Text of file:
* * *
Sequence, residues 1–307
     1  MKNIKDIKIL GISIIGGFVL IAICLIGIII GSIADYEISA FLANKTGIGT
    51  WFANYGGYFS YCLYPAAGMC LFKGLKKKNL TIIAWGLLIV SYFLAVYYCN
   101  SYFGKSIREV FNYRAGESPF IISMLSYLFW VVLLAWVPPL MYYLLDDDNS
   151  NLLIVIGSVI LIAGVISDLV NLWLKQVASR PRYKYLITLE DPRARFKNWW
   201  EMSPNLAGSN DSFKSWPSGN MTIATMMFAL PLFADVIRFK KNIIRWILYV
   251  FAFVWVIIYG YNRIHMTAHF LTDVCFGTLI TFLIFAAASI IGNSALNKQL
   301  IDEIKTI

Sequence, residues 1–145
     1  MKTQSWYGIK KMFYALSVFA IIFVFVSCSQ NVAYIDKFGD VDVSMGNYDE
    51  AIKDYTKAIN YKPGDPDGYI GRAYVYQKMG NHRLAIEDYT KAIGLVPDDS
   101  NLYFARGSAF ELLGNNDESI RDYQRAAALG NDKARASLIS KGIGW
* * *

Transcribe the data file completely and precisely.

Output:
Sequence, residues 1–307
     1  MKNIKDIKIL GISIIGGFVL IAICLIGIII GSIADYEISA FLANKTGIGT
    51  WFANYGGYFS YCLYPAAGMC LFKGLKKKNL TIIAWGLLIV SYFLAVYYCN
   101  SYFGKSIREV FNYRAGESPF IISMLSYLFW VVLLAWVPPL MYYLLDDDNS
   151  NLLIVIGSVI LIAGVISDLV NLWLKQVASR PRYKYLITLE DPRARFKNWW
   201  EMSPNLAGSN DSFKSWPSGN MTIATMMFAL PLFADVIRFK KNIIRWILYV
   251  FAFVWVIIYG YNRIHMTAHF LTDVCFGTLI TFLIFAAASI IGNSALNKQL
   301  IDEIKTI

Sequence, residues 1–145
     1  MKTQSWYGIK KMFYALSVFA IIFVFVSCSQ NVAYIDKFGD VDVSMGNYDE
    51  AIKDYTKAIN YKPGDPDGYI GRAYVYQKMG NHRLAIEDYT KAIGLVPDDS
   101  NLYFARGSAF ELLGNNDESI RDYQRAAALG NDKARASLIS KGIGW